Take an afternoon stroll through Frankfurt’s Wallanlagen greenbelt
Note: Restrictions related to the coronavirus change frequently. Please heed any rules and, if necessary, keep this in mind for a visit when things return to normal.
The medieval city walls couldn’t keep the Black Death out of Frankfurt in the 14th century, nor could they stop the next plague about 250 years later. If they still stood, they wouldn’t protect the city’s inhabitants from today’s coronavirus, either.
It was the advent of artillery that really made the walls obsolete, and in the early 19th century, they were torn down.
But this central German city on the Main River didn’t just build something new where the walls once stood. Frankfurt laid out parks or sold the land to citizens for gardens, keeping it green.
After World War II, Frankfurt bought up most of the private land and turned it into a greenbelt that surrounds the city center like the walls once did.
On a sunny, coronavirus-influenced day, I went for a walk through the Wallanlagen, as the string of seven parks are called.
I started on the eastern end, at the Obermainanlage, walking counterclockwise to the west.
The stroll took me past statues of famous people and works by known and unknown artists, past playgrounds, roped off because of the virus, and to small lakes and ponds.
It was quiet in the parks and although Germany’s two-person anti-coronavirus rule was still a couple of days away, there were no groups of people to be seen.
When walking, it sometimes pays to look beyond the green and across the street.
At the beginning of Friedberger Anlage you can see the Hochbunker, once a World War II bunker built on the site of a synagogue destroyed by the Nazis. Today it is an exhibit space. At the park’s other end, cross the street to Bethmannpark, a green expanse that features a Chinese garden.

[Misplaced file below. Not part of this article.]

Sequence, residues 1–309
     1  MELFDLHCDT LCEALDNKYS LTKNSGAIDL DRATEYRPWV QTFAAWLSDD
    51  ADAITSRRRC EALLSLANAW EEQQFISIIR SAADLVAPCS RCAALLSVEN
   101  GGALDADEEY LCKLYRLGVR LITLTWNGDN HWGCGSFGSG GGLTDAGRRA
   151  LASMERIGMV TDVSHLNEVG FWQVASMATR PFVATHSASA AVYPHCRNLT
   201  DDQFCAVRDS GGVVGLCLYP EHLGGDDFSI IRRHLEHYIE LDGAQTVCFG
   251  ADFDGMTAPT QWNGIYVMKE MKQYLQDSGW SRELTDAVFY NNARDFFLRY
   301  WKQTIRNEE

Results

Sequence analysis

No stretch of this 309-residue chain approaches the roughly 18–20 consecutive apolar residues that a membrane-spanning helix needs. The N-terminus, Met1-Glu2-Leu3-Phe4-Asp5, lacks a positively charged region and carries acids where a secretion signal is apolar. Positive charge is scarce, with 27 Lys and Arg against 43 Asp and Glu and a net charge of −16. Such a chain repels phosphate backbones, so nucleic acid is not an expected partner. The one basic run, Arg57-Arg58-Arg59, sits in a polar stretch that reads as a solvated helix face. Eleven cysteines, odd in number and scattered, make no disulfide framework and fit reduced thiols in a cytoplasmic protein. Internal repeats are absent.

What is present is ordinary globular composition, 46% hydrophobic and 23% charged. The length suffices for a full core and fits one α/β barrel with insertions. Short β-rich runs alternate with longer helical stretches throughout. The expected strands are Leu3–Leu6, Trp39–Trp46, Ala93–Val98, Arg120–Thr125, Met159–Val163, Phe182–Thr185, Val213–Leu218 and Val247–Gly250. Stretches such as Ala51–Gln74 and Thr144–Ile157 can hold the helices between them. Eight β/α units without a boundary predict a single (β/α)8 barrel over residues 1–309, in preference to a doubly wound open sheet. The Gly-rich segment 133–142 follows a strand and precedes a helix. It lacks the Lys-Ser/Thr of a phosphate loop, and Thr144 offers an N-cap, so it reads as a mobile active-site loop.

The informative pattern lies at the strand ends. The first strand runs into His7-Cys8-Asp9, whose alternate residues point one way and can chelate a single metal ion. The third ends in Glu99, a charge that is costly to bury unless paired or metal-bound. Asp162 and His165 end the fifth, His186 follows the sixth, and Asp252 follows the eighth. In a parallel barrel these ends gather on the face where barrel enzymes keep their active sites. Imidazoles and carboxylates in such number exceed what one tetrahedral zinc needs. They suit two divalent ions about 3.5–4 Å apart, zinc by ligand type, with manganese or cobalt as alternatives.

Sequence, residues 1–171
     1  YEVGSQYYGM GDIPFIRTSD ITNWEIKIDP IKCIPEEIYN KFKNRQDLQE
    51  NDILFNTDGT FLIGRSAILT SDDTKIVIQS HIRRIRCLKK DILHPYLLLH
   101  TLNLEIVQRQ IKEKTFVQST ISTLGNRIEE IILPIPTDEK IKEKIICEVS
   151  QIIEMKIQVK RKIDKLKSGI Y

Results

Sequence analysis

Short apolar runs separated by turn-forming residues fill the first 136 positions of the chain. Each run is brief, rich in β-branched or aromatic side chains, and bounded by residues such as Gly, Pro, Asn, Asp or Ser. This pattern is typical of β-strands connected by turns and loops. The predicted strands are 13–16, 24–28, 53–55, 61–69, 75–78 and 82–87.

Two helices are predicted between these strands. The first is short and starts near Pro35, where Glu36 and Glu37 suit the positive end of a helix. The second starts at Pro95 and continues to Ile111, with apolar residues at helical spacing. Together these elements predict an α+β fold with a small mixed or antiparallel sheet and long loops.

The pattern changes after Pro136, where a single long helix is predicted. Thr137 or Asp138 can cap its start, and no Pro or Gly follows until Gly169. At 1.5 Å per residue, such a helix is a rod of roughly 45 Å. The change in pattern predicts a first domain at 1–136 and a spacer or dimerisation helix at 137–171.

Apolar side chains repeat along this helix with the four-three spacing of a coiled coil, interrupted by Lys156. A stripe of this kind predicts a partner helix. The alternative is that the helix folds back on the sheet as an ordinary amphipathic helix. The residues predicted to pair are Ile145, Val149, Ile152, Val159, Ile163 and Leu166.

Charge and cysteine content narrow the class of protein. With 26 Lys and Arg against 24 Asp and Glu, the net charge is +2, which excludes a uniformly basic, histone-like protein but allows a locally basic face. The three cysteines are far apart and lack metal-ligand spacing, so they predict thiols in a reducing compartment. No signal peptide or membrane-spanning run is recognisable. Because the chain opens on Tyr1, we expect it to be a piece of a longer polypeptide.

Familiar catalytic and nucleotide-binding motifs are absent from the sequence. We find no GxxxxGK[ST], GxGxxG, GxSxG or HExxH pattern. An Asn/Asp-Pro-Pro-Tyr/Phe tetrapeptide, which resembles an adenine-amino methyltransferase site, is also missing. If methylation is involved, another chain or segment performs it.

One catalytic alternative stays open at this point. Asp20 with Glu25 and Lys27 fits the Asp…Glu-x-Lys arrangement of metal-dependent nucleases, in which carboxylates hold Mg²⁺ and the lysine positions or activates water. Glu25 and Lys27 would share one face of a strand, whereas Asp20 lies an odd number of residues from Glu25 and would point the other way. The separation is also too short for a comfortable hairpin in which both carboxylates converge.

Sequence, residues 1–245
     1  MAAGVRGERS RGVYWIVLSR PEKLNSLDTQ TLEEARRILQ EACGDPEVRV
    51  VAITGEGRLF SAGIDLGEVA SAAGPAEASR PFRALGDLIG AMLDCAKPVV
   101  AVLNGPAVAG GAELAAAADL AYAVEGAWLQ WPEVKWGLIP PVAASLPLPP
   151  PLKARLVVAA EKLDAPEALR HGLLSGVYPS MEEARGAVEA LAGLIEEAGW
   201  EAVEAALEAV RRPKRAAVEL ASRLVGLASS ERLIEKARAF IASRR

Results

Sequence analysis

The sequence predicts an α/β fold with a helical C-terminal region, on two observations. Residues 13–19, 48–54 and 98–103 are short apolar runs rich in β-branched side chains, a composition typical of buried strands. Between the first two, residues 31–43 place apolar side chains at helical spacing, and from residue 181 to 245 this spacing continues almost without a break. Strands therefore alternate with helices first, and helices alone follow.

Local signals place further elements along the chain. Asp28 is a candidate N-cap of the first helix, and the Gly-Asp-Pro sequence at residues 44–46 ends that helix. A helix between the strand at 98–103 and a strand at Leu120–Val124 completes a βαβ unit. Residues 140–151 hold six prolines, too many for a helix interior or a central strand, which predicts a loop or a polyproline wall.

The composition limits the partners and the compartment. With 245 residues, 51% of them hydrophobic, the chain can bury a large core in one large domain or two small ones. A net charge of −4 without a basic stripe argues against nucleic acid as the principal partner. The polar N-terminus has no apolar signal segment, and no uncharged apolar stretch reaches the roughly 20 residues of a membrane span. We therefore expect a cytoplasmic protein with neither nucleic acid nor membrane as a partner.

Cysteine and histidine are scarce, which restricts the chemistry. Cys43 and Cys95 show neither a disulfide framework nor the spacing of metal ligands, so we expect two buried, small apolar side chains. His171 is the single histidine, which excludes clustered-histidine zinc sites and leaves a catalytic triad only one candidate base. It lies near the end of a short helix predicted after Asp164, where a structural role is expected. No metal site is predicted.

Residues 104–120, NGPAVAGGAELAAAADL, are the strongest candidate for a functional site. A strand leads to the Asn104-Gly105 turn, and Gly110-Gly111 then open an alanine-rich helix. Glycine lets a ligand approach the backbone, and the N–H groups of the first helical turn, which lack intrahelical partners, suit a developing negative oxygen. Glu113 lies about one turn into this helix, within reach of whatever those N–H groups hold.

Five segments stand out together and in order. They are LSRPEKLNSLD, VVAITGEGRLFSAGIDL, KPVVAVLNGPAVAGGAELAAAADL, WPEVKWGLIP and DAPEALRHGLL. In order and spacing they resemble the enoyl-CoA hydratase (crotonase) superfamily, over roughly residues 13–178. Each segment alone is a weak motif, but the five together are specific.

Feeling a little dehydrated, I stopped for something to drink at Trinkhalle Fein, now a cozy cafe. There used to be more than 800 Trinkhallen (drink halls) and Wasserhaeuschen (little water houses) in Frankfurt, kiosks where in the 19th century, Frankfurters could buy clean bubbly drinking water and meet with their neighbors. Today there are less that 300 dotting the city.
A park within a park is the Buergergarten. Below street level, it is a quiet oasis in the busy city that features a sundial and a fountain that spouts water from Medusa’s head.
I stopped for lunch at Burger am Turm, a fast food joint — with delicious falafel — just around the corner from the Eschenheimer Tor, a gate tower that is one of the last remnants of Frankfurt’s medieval fortifications.
After lunch, I continued my stroll through the Bockenheimer Anlage, which Frankfurt American High School alumni might remember was a popular place to go when, uh, skipping school.
Although people were sitting alone or in pairs, the pond here was probably the most populated place on the stroll.
This park ends at the Alte Oper, the city’s former opera house — destroyed in WWII and rebuilt in the 1980s.
I decided to finish my walk through the Wallanlagen here. But the parks do continue back down to the banks of the Main.
Next time I go, I’ll continue there. But not until we all can go and do what we want, and not in these coronavirus times.
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DIRECTIONS: Frankfurt is in central Germany, about 25 miles from Wiesbaden and 60 miles from Kaiserslautern. The best place to park is south of the Main at the Alt Sachsenhausen garage, Walter-Kolb-Strasse 16, 60594 Frankfurt. It is one of the cheapest in Frankfurt at 1 euro per hour. Cross the Main to the northern bank and it is about a 10-minute walk along the river to the eastern end of the Wallanlagen. On the western end is the Alte Oper garage, Opernplatz 1, 60313 Frankfurt. It costs 2.50 euros an hour, 50 cents on Sundays.
TIMES: Any time, but of course it’s more pleasant when the weather is nice.
COSTS: Just parking, and whatever you eat and drink
FOOD: There are takeout places along the way, especially near the Eschenheimer Tor.